Direct laryngoscopy should be procedure of choice in the airway management of patients with dental cellulitis Academic Article uri icon

  • Overview
  • Research
  • Identity
  • Additional Document Info
  • View All


  • CONTEXT: Airway management of patients with dental cellulitis can be difficult due to laryngeal deviation and oedema. Awake fibre-optic intubation has been recommended. OBJECTIVE: The aim of this study was to assess our routine procedure which is based mainly on direct laryngoscopy. DESIGN: This was a prospective observational study. SETTING: In a single centre between February 2008 and February 2009. PATIENTS: All patients suffering from dental cellulitis and requiring emergency surgery were included except pregnant women and patients under 18 years. INTERVENTION: Nasotracheal intubation by direct laryngoscopy under general anaesthesia was performed unless the supine position was not tolerated, or difficult mask ventilation or intubation was anticipated, when awake nasotracheal fibre-optic intubation was indicated. In the case of failure at the first attempt, orotracheal intubation by direct laryngoscopy was attempted. If failure persisted, tracheotomy was then performed. MAIN OUTCOME MEASURES: The principal endpoint was the incidence of difficult mask ventilation which was expected to be less than 5%. Secondary endpoints were the incidence of difficult tracheal intubation and tracheotomy. RESULTS: We included 127 consecutive patients (mouth opening 20±10 mm). One did not tolerate the supine position and was successfully intubated using the fiberscope. Among the 126 remaining, difficult mask ventilation did not occur [0%, 95% confidence interval (CI) 0-3%], 124 (98%) patients were intubated by direct laryngoscopy and two (2%) required tracheotomy. Retrognathia (odds ratio 8.2, 95% CI 1.3-50.1) and extension to oral floor (odds ratio 15.1, 95% CI 1.8-129.5) were significantly associated with the prediction of intubation failure at the first attempt. CONCLUSION: Most patients with dental cellulitis can be safely intubated through direct laryngoscopy even if mouth opening is limited.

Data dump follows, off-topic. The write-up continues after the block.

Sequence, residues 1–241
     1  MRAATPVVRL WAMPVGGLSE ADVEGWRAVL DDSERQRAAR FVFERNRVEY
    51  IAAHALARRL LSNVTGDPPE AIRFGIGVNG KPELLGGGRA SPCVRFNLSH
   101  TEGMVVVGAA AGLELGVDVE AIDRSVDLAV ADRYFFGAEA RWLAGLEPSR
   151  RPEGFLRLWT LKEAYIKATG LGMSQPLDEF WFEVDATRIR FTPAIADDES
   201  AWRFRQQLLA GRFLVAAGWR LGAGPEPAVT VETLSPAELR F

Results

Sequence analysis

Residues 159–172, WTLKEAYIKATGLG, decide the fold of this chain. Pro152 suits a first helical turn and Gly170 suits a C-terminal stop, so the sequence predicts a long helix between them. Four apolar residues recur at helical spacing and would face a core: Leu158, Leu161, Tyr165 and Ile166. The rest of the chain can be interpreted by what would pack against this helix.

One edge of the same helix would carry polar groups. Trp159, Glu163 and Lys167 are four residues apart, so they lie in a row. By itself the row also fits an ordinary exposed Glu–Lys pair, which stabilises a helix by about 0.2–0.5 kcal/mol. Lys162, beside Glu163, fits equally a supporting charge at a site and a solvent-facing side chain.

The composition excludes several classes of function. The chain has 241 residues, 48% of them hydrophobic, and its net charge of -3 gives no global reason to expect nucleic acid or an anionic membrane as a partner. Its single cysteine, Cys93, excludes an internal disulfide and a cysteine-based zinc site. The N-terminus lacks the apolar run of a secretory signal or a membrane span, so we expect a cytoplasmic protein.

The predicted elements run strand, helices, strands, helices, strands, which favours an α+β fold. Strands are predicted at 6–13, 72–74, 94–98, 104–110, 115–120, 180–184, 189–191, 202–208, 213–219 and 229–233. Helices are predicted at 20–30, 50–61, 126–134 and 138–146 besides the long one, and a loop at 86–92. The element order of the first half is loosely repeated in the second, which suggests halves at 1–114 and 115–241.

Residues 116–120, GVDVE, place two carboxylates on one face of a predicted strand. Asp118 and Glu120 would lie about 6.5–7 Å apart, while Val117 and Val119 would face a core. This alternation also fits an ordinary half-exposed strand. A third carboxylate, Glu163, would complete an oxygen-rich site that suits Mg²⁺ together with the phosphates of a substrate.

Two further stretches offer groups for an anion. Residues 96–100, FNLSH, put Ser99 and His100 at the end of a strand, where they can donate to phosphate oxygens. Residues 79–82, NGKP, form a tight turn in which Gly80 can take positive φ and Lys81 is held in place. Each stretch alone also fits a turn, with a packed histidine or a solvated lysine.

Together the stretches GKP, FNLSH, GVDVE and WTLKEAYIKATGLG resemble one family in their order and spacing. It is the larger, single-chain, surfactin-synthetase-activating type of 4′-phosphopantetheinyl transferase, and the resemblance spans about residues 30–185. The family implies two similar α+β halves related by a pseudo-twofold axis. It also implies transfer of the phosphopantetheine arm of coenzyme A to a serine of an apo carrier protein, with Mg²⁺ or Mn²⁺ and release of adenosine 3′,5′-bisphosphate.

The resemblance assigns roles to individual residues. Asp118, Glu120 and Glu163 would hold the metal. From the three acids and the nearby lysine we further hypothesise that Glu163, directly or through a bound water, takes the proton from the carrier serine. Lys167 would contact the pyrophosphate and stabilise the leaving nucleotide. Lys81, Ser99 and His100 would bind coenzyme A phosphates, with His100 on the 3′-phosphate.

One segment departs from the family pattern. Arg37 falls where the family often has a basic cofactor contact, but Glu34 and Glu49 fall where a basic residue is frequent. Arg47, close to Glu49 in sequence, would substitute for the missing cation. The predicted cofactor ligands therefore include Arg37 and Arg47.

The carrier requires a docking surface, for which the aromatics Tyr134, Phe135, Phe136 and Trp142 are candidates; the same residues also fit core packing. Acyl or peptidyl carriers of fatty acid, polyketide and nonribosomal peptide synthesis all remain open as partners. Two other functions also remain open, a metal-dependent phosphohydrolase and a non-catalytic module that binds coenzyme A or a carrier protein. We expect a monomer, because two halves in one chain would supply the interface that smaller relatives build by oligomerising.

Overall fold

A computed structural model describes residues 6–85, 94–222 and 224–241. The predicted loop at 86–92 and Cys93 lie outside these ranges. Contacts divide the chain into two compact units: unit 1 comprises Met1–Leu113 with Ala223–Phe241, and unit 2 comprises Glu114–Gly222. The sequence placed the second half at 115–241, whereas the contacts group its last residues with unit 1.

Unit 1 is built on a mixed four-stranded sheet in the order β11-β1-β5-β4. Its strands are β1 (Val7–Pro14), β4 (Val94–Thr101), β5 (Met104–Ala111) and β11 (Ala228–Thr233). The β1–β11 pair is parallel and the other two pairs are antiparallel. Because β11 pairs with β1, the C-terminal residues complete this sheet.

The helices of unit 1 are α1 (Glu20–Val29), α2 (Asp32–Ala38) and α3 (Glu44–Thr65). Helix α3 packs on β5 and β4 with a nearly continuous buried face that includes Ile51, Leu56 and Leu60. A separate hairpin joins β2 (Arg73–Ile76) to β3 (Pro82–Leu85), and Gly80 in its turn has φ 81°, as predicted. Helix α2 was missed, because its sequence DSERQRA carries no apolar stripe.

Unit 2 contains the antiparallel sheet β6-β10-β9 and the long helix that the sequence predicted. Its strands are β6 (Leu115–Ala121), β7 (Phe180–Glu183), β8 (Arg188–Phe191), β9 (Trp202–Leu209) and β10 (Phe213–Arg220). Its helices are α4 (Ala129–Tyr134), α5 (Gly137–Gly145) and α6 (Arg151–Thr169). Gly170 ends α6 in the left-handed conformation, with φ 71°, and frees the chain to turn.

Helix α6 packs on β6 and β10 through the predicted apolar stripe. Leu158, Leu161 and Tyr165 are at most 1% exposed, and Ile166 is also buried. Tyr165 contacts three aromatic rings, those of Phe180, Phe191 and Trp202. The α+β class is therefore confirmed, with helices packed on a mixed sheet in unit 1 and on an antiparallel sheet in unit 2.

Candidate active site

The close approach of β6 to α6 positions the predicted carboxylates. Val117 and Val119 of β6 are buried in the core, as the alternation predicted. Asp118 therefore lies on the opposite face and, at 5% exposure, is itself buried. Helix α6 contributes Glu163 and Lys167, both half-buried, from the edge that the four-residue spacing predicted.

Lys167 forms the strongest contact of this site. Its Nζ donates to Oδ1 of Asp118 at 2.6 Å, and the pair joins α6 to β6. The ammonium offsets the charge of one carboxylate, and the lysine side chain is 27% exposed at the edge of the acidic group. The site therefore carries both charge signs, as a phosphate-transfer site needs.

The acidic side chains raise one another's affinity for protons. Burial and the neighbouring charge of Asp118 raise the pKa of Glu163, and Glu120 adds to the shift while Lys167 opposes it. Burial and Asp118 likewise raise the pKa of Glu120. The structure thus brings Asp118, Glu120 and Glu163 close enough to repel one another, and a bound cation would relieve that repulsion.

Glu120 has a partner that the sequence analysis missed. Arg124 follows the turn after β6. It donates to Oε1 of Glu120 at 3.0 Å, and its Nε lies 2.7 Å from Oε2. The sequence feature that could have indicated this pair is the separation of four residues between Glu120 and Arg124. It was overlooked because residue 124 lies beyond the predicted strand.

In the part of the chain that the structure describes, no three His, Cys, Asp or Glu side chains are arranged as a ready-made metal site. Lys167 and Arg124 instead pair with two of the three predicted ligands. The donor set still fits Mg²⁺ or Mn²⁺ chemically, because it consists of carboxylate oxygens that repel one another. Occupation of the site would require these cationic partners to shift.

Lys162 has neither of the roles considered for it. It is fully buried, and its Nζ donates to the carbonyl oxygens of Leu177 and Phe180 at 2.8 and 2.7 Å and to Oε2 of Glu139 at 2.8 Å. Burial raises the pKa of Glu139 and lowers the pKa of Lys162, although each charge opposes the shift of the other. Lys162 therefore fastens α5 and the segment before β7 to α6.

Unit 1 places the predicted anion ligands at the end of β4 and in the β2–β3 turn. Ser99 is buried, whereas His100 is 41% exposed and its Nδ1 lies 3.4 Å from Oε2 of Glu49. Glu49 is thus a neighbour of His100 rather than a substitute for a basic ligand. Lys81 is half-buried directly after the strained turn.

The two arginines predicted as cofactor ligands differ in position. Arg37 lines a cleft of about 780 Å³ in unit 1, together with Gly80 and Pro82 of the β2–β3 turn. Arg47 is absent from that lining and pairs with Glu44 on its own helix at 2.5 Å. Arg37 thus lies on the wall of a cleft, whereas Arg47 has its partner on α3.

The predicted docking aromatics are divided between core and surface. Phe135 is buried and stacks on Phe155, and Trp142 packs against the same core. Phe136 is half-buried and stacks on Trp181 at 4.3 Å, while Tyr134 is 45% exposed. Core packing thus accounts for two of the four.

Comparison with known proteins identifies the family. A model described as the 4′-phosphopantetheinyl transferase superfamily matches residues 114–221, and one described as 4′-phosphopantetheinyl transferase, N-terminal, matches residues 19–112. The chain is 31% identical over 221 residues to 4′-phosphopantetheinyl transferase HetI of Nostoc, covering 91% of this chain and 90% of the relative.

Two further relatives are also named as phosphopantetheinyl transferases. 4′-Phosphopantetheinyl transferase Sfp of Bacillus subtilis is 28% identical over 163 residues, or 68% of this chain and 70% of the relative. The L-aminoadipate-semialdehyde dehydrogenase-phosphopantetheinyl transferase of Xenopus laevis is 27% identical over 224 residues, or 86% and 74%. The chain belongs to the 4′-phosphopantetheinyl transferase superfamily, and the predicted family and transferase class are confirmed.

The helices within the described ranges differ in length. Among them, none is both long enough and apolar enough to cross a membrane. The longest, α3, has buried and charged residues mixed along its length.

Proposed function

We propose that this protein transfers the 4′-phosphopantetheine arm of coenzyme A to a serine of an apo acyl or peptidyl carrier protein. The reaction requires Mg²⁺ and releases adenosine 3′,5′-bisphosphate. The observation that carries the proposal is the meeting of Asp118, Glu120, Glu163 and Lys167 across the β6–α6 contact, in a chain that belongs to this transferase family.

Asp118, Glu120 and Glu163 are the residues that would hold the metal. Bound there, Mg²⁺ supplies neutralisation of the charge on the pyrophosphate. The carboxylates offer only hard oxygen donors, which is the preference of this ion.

• Boccheciampe, Nicolas
  • Hell-Remy, Caroline
  • Le Manach, Yannick Arnaud
  • Andrieu, Géraud
  • Riou, Bruno
  • Bertolus, Chloé
  • Langeron, Oliver

publication date

  • April 2012